Purdue Pharma to sell consumer business for $397 million

New York, May 23, 2010 (AFP) – Bankrupt Purdue Pharma has received approval from a US judge to sell its consumer health business to its Arcadia Consumer Healthcare division for $397 million.

U.S. Bankruptcy Judge Sean Lane approved Purdue’s sale of Avrio Health in a hearing in White Plains, New York, allowing Purdue to begin liquidating assets pending a final ruling on a $10 billion settlement that will use the company’s remaining assets to fight the U.S. The opioid epidemic.

Purdue’s creditors’ committee pushed the company to use the proceeds from the sale to compensate victims of the opioid crisis and fund addiction treatment programs.

Purdue’s attorney, Eli Vonnegut, said at Tuesday’s hearing that the company supports that goal, but first needs to build consensus among various stakeholders in the bankruptcy. Purdue is hesitant to take that step even though its future is uncertain and its bankruptcy plan is tied up in an appeal, Vonnegut said.

Purdue filed for bankruptcy in 2019 to settle thousands of lawsuits alleging it started an epidemic of opioid painkillers that has led to more than 500,000 U.S. overdose deaths over two decades.

Purdue’s efforts to settle the lawsuits in bankruptcy have stalled after the company filed an appeal against efforts to shield its owners, members of the wealthy Sackler family, from liability for their $6 billion contribution to the Purdue settlement.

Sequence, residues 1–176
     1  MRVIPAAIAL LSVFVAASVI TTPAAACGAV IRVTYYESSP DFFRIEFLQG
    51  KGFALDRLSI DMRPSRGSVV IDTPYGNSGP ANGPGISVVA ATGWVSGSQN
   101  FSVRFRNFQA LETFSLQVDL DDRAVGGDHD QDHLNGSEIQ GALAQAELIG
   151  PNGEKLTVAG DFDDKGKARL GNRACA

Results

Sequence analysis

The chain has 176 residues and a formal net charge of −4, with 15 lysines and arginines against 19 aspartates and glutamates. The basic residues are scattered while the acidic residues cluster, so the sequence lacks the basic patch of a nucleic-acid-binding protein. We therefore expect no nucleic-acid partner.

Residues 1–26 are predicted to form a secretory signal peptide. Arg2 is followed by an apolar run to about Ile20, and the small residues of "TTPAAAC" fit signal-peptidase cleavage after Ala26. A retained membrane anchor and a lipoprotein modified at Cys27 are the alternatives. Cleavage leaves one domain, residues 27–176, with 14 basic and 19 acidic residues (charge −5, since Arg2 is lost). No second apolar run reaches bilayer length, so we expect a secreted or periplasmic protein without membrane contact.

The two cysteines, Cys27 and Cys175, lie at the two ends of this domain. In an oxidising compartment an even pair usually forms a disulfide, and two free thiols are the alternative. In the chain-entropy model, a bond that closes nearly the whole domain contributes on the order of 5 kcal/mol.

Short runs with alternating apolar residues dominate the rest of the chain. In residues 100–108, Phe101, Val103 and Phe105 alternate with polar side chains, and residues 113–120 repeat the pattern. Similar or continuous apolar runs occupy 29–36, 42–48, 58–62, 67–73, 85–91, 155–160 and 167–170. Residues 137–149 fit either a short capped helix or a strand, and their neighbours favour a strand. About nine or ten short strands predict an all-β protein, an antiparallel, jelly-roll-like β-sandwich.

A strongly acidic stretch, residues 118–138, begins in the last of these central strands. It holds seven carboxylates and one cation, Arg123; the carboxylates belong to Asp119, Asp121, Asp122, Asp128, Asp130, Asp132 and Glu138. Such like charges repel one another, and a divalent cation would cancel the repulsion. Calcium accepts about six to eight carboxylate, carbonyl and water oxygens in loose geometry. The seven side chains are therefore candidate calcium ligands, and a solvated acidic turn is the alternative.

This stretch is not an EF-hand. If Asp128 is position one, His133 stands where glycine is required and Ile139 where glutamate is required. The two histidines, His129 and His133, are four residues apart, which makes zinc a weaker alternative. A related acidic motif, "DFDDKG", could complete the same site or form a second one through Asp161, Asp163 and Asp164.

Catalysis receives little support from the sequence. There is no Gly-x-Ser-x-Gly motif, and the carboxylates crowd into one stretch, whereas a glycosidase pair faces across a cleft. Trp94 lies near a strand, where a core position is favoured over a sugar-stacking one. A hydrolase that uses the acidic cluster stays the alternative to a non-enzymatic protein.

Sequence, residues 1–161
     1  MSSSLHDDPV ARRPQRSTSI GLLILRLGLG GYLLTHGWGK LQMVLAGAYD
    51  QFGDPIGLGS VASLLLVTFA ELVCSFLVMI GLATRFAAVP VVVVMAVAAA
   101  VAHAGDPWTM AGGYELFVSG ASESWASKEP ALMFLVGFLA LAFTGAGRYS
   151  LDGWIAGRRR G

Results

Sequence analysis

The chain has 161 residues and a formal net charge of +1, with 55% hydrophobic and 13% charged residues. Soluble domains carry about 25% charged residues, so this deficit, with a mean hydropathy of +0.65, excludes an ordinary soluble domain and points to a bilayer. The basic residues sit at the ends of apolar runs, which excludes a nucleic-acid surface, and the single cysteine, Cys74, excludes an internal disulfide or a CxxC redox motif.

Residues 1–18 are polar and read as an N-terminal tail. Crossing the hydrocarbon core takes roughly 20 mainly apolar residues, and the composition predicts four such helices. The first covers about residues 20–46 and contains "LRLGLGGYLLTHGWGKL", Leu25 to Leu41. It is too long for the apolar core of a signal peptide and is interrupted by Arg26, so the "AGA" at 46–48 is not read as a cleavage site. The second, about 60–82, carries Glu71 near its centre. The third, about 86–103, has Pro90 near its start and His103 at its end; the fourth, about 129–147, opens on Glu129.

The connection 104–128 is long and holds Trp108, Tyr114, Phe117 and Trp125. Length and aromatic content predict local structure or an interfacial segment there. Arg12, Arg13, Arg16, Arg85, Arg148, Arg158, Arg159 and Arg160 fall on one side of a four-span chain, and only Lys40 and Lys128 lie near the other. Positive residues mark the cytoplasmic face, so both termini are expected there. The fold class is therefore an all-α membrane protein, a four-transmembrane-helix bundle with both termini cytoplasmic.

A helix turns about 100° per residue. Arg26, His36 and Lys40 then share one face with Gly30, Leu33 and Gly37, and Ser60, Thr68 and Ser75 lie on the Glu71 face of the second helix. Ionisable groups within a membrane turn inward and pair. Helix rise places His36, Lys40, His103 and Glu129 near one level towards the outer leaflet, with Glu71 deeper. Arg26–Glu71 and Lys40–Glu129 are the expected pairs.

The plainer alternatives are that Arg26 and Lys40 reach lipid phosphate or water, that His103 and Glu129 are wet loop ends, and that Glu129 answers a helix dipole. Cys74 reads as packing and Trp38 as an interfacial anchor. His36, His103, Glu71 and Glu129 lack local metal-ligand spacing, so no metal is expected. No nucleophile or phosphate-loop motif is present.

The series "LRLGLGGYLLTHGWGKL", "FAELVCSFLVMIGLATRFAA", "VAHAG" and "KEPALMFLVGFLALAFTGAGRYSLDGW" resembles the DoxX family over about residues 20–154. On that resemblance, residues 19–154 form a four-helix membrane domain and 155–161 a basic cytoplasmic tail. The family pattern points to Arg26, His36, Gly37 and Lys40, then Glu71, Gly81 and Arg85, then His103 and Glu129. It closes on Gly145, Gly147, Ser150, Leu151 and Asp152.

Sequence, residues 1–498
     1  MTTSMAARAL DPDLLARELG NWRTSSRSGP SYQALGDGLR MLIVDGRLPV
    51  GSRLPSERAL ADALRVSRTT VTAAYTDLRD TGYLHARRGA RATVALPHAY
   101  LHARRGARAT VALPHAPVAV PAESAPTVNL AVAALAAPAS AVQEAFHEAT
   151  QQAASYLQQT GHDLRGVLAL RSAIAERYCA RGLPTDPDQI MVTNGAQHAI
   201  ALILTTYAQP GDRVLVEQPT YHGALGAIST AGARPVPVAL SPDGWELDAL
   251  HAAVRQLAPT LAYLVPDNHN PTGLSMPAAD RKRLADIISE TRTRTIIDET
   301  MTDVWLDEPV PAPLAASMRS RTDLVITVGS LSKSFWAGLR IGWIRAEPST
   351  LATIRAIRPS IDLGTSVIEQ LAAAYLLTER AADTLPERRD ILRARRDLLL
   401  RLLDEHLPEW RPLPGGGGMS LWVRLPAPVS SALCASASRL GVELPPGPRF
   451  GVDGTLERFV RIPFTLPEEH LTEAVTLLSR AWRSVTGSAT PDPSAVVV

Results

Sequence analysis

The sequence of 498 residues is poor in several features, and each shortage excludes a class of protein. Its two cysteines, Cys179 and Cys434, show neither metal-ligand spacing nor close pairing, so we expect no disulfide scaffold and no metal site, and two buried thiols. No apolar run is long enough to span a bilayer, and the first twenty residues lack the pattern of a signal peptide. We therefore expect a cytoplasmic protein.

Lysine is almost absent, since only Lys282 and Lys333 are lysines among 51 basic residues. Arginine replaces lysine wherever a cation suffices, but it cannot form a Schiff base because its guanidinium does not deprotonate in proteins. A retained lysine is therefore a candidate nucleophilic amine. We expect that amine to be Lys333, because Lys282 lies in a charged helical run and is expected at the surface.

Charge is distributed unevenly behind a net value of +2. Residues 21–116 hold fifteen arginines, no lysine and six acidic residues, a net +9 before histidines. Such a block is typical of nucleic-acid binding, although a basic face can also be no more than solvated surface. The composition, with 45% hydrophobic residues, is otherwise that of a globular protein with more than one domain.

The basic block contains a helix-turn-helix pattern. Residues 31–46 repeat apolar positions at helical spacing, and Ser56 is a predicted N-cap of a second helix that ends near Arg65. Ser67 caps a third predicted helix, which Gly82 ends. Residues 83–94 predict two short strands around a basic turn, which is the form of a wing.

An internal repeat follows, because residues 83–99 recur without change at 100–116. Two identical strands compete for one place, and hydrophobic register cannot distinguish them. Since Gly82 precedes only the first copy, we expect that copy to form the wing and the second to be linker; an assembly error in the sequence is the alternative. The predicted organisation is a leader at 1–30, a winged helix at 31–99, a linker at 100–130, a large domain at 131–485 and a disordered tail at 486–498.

While Purdue has resolved most of the objections to the plan, the U.S. Department of Justice’s bankruptcy watchdog continues to argue that the Sacklers are not themselves bankrupt and cannot be protected by a bankruptcy remedy.

The 2nd US Circuit Court of Appeals, which heard arguments in April 2022, has yet to rule on the appeal.

Avrio Health has never been involved in Purdue’s opioid business. He sold over-the-counter antiseptics and laxatives, according to court documents.

Purdue had planned to sell the business as part of a post-bankruptcy transition.

Reporting by Dietrich Knauth, Editing by Alexia Garmfalvi and Bill Burkert

Our standards: The Thomson Reuters Trust Principles.

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